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While my research about the untreated surface of moulded cast I read that the properties such as tensile strength, 0,2% proof stress and so on are different (much smaller) from the properties you can find in the tables. That’s because the samples have a treated surface to evaluate the material properties.

Now my question is how can I determine the thickness of the surface where my properties are much smaller?

The background is that I have a bore near the untreated surface loaded with hydraulic pressure and for safety I need a specific thickness of material around the bore. And because the material properties of the untreated surface are much smaller, I will not take this area into account to my calculations. If it is needed: the regarded cast is GJS 400.

Many thanks in advance!

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I doubt there is significant cast surface affect in ductile cast iron. Other than roughness , the only surface affect should be decarburization . Cast irons have high carbon levels of about 3 % so losing a little carbon does not make much difference. Cast steels with much lower carbon content , such as 0.2 % ,can be much more affected by mold surface carbon loss. For an inexpensive material like cast iron , I expect the component is made thicker if there is any concern about strength.

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  • $\begingroup$ Thanks for your response and sorry for my delay… You are saying make your component thicker. But how much thicker 1 mm or 2 mm or 3 mm or… And when I am limited in installation space or weight it’s not always easy to say “okay, just add x mm for safety”.Is it possible to clarify this issue - thanks! $\endgroup$
    – tueftla
    Nov 4 '19 at 7:13
  • $\begingroup$ Simpler answer ; your original information is wrong , cast surface makes no practical difference to the bulk properties of ductile iron. If you want more strength get pearlitic ductile iron. $\endgroup$ Mar 30 '20 at 18:47
  • $\begingroup$ @ blacksmith37: thanks again… have a look at my answer proposal. I’m not looking for a material that has better strength values than GJS 400. I was interested in an quantitative or qualitative statement how to get the thickness of cast surfaces and how to consider them in calculations… $\endgroup$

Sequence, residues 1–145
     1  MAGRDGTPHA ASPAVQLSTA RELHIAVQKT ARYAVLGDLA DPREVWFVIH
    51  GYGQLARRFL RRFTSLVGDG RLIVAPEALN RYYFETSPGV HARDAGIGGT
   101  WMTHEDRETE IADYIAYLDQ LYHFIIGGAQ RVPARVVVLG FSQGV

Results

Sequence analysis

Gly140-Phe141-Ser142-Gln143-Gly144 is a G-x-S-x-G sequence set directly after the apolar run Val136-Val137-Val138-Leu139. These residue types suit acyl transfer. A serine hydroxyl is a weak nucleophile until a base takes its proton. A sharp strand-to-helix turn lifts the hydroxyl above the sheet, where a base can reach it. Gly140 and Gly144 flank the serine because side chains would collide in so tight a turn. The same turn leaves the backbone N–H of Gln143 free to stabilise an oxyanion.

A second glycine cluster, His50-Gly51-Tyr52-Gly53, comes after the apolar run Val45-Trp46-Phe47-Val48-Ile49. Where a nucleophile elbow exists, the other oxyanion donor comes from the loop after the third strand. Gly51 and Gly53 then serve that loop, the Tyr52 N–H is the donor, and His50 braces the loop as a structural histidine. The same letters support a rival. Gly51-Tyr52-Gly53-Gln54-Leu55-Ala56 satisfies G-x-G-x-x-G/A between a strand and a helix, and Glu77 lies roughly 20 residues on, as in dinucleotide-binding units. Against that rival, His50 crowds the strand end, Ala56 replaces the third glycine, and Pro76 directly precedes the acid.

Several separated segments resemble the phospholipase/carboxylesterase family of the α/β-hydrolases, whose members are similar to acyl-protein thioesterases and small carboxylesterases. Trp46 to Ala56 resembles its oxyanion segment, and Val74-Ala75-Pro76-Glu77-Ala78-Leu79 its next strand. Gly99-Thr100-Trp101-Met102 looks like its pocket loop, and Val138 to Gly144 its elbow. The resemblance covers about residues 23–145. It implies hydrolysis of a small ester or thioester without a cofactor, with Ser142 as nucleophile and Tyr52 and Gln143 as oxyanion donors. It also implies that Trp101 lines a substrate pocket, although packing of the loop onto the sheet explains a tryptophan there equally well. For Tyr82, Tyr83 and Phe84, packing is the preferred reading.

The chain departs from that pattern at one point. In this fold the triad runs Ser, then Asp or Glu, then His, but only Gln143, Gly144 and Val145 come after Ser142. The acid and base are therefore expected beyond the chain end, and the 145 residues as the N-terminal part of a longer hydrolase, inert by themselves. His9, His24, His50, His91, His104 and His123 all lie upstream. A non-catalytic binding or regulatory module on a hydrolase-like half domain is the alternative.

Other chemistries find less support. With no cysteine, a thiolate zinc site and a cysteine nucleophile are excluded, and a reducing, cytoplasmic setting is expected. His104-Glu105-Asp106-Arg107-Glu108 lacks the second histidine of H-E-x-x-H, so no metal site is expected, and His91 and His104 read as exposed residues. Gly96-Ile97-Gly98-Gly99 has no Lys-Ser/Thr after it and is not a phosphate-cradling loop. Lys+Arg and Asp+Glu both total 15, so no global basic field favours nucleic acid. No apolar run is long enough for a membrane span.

– tueftla
    Apr 3 '20 at 10:52
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For the overview I drawed two cast samples. One has a cast surface with varying strength values over the depth – this curve is only qulitative. And on the right there is a sample without cast surface. The strength values are constant along the depth.

cast with surface and without

The deeper the cast surface is the more loss of the strength values arises. With the strength values I mean tensile strength and yield stress.

Cast surfaces have a specific depth which is not easy to determine generally because the depth is shape dependent.

The convection within the melting affects also the thickness of the cast surface. A well marked convection minimises the thickness of the cast surface. Therefore it is recommended to do a simulation of your cast to get proper values for your calculation… Otherwise you have to guess the thickness. It can be 0.2 mm up to ?? mm depending of the shape of your cast and the possibility to allow convection within your melting while solidification.

And now the calculation topic:

  • If you are taking the whole cast or only the inner cast (without cast surfaces) into account – it‘s up to you…
  • When you are only taking the inner cast you can use the full strength values for your calculations
  • When you want to use the whole cast it is recommended to use a reduction factor for your strength values.
  • In both cases you have to rethink proper the choice of your saftyfactor
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There is no significant loss of cast surface strength in ductile cast iron . In fact the ASM Handbook ( 9th ed.) shows higher strength near the surface , the amount of strengthening depends on grade and thickness of casting. Basically caused by the cooling rate; faster cooling = more strengthening.

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  • $\begingroup$ I’m not talking about the hardening process. When you do a moulded cast and you don’t remove the surface of your cast you have a surface like shown in [picture] (de.wikipedia.org/wiki/Gusseisen#/media/…) And this surface hasn’t the strength values like listed in the tables. They are smaller… And it’s a general cast problem – no matter if your using GJS or GJV – I think it’s also valid for GJL. $\endgroup$
    – tueftla
    Apr 6 '20 at 5:26

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